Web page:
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I want to ask is there a possible code to prioritize a specific part of a code? So I'm doing this project where I want to utilize muscle sensor, servo, and a button on an app over Bluetooth. The problem is since all is running in void() loop, even though I am not using the muscle sensor I can't move the servo with the app, since it reads the muscle sensor first. So is there a possible code to make the muscle sensor stop for a period of time after the button is pressed on the app and the servo is moved?

Here is the code:

void loop() 
 {
  if(Serial.available()>0)
   {
    char data = Serial.read();

      if (data == 'a')
       {
        myservo.write(15);
       }
  }



int value = analogRead(EMG_PIN);

 if(value > THRESHOLD)
  {
   myservo.write(15);
  }

  else{
       myservo.write(140);
      }

So the first code is a bluetooth code where the servo is controlled through a button on an app. The second one is a muscle sensor. As stated above the problem is it will always read the muscle sensor even though the button is pressed from the app.

#include <Servo.h> 

 int increment = 0;

 Servo myservo;

 void setup() {

   myservo.attach(1);

 }

 void loop() 
 {

   Serial.println(increment++);

   if (increment > 9);
    {

     if(Serial.available()>0)
      {
       char data = Serial.read();

       if (data == 'a')
       {
        myservo.write(15);
       }
 }

      else if (increment = 0);

      int value = analogRead(EMG_PIN);

      if(value > THRESHOLD)
       {
        myservo.write(15);
       }

     else{
       myservo.write(140);
      }
  }

closed as too broad by VE7JRO, sempaiscuba, Greenonline, Bra1n, MatsK Mar 29 at 14:57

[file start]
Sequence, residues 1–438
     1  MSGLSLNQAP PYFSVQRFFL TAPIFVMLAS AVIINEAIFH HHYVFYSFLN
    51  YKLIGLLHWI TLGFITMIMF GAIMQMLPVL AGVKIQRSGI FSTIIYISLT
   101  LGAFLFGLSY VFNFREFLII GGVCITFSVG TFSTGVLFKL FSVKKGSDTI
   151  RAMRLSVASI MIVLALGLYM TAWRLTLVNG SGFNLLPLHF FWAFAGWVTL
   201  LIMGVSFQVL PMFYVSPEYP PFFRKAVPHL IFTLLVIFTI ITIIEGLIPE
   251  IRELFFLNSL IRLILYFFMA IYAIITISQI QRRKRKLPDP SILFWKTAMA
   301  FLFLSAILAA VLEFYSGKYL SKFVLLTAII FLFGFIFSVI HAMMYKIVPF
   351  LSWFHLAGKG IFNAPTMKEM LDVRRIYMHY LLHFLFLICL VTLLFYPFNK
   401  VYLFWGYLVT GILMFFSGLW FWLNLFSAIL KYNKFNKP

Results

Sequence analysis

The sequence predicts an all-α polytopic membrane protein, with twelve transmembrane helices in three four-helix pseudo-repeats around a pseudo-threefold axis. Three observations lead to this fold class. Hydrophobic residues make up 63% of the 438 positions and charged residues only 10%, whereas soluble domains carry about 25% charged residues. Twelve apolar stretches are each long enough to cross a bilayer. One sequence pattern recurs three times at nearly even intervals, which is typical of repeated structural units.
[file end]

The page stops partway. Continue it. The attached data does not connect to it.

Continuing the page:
Please edit the question to limit it to a specific problem with enough detail to identify an adequate answer. Avoid asking multiple distinct questions at once. See the How to Ask page for help clarifying this question. If this question can be reworded to fit the rules in the help center, please edit the question.

  • 3
    Your question is too vague to be answerable. The answer is "Yes, there's a way." Provide your current loop code, and highlight the relevant sections where you read the muscle sensor, and where the servo code doesn't get called. It sounds to me like a simple logic problem with your code but we can't tell without seeing the code. – Duncan C Mar 21 at 15:53
  • 2
    why do you need code to stop the muscle sensor? .... does it have a "stop" function? ....... why don't you simply read it only every10th iteration of loop()? – jsotola Mar 21 at 16:02
  • @DuncanC Ok guys I already edited my post, and putted in my code, i hope it will give you a better hindsight – Brilliant Purnawan Mar 21 at 23:20
  • @jsotola I'm new to this stuff, so I don't really know how to do it :), can you show me an example code from my code above, it would really help thx – Brilliant Purnawan Mar 21 at 23:22
  • @jsotola is it something like that, second code, im still new to thus so a bit confused – Brilliant Purnawan Mar 22 at 0:23
1

You have to think of your program as having two distinc modes of operation:

  • The "fixed servo" mode is entered when you press the button on the app. In this mode the servo is kept at a fixed position. The mode lasts for a predefined delay.

  • The normal (not fixed servo) mode is the default mode. In this mode the servo is positioned according to the reading of the sensor.

So you need a boolean variable to remember whether the "fixed servo" mode is active or not, and the code in loop() should take care of providing the correct behavior depending on the mode, and updating that variable when needed. For example:

void loop()
{
    static bool fixed = false;  // whether we are in "fixed servo" mode
    static uint32_t fixed_started;  // when the mode started
    uint32_t now = millis();

    // On button press, start "fixed servo" mode.
    if (Serial.available() && Serial.read() == 'a') {
        servo.write(SERVO_LEFT);
        fixed = true;
        fixed_started = now;
    }

    // Get out of "fixed" mode after some delay.
    if (fixed && now - fixed_started >= FIXED_DELAY) {
        fixed = false;
    }

    // If not in "fixed" mode, react to the sensor.
    if (!fixed) {
        if (analogRead(EMG_PIN) >= THRESHOLD) {
            servo.write(SERVO_LEFT);
        } else {
            servo.write(SERVO_RIGHT);
        }
    }
}
  • Ahh I see it worked perfectly thx Edgar – Brilliant Purnawan Mar 22 at 9:00
  • 1
    Well done, figuring out the OPs intent from that jumble of code. – Duncan C Mar 22 at 12:07

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